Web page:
*I* however was only talking in terms of player knowledge and MENTAL cross referencing.  You can think of my classifications as an attempt to answer this question: What is the minimum number of rules that an individual player needs to know in order to maximize his playing potential.  Now, the cynic might answer none, he can always just say what he wants to do and the GM can apply the rules as necessary.  Yes, this is true but that's not what I'm talking about.  I'm talking about the ideal situation in which tany one player knows perfectly all rules that are available to them.

To get back to Cure Light Wounds.  Cure Light Wounds is a Modular Rule because only those with access to the spell NEED to know the rule to use it effectively.  Sure, the Rogue may know that the Cleric over there can heal him and over time the Rogue player may actually learn the rules for Cure Light Wounds verbatim.  But the Rogue does not HAVE to know the rules for Cure Light Wounds to maximize his gameplay potential.

Now Cure Light Wounds or more appropriately Cause Light Wounds is also a combinatoric rule because to use it on an unwilling opponent I have to make a Touch Attack.  Now a Touch Attack has a very specific rule definition.  So in order to fully understand Cure Light Wounds I have to ALSO know and cross reference the Touch Attack Rule.

Touch Attack however is a Global Rule because any and all players may make a Touch Attack.

Now all this talk of minimal rule knowledge with maximal playing potential may sound very gamist but I'm not talking about actual in game goals or purpose of play.  I'm solely talking about what the ideal player needs to know to get the most out of a system.

Sorcerer for example consists mainly of Global Rules.  ALL characters have telltales, ALL charcters know ALL the rituals, the base resolution mechanic including the roll over victories rule apply to ALL characters.  It has a few modular rules, namely, the demon abilities.  And more interestingly very few combinatoric rules.  Binding is Binding is Binding and Shapeshift is Shapeshift is Shapeshift.  

Is this clearer?

Jesse
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Ron Edwards
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« Reply #7 on: October 31, 2001, 11:29:00 AM »

Jesse, you're making tons of sense to me. Keep rollin' with it.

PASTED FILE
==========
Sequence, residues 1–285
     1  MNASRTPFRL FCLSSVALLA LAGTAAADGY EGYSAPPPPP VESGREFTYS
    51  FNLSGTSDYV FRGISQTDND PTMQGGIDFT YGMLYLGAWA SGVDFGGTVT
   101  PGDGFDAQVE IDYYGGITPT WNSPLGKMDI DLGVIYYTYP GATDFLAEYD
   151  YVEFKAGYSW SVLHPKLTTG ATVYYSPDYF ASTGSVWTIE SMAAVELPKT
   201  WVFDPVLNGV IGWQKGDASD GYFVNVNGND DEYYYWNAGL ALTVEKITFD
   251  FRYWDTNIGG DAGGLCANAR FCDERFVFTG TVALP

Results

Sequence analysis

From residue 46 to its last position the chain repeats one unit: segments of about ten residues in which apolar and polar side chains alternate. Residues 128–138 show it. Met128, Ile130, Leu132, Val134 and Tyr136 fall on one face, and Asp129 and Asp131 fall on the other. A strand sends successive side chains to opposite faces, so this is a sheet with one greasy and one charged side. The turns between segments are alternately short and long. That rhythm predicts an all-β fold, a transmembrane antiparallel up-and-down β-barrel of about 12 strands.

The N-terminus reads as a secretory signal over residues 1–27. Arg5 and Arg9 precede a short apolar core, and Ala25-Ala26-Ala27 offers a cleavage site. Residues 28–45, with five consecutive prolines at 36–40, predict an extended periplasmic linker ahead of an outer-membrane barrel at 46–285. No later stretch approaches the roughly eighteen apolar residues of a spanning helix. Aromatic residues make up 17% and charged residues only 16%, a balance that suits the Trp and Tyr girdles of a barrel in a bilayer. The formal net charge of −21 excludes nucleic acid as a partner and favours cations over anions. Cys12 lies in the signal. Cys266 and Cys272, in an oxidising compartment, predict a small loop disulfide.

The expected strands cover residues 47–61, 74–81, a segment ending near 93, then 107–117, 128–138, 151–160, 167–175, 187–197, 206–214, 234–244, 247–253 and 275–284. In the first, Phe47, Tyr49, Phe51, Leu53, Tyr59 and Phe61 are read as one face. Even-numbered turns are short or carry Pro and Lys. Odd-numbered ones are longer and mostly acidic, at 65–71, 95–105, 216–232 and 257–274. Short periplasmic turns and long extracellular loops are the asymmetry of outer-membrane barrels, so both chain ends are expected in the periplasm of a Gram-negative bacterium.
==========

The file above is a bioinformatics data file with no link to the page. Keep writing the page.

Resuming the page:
Best,
Ron
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Valamir
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« Reply #8 on: October 31, 2001, 01:05:00 PM »

Yeah I think there is something here Jessie.  But I also think theres a couple of other factors such as Optimal Knowledge vs. Minimum Knowledge and Learning Curves.

To use your example a Rogue technically does not NEED to know how a cure light wounds works at a minimal level of knowledge necessary to get started.  But he definitely needs to know it to play optimally.  If he's used to games where Cures can happen at a distance, he'll be in for a rude awakening when he's down to his last couple HPs and the Cleric is 10 spaces away with a move of 9.

The warrior may not NEED to know how a wizards spells work minimally but to play optimally, he'd better know that that than enemy wizard's magic missiles hit automatically, and not to be within 30' of his own wizards Fireball in order to play optimally.

Thus, I would say that Global vs. Modular is perhaps not the best distinction.  Core vs. Specialized might be more useful terminology.  Cures and Spells aren't part of the Core rules a rogue needs to know, but are part of the advanced rules he will definitely want to learn eventually.

A game's learning curve then becomes a measure (necessarily an abstract one) that relates how much effort is required to go from a knowledge of the Core Rules to a full understanding of all of the Specialized Rules.

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Mike Holmes
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« Reply #9 on: October 31, 2001, 05:09:00 PM »

Quote

On 2001-10-30 17:32, Don Lag wrote:
A final idea (after reading the essay):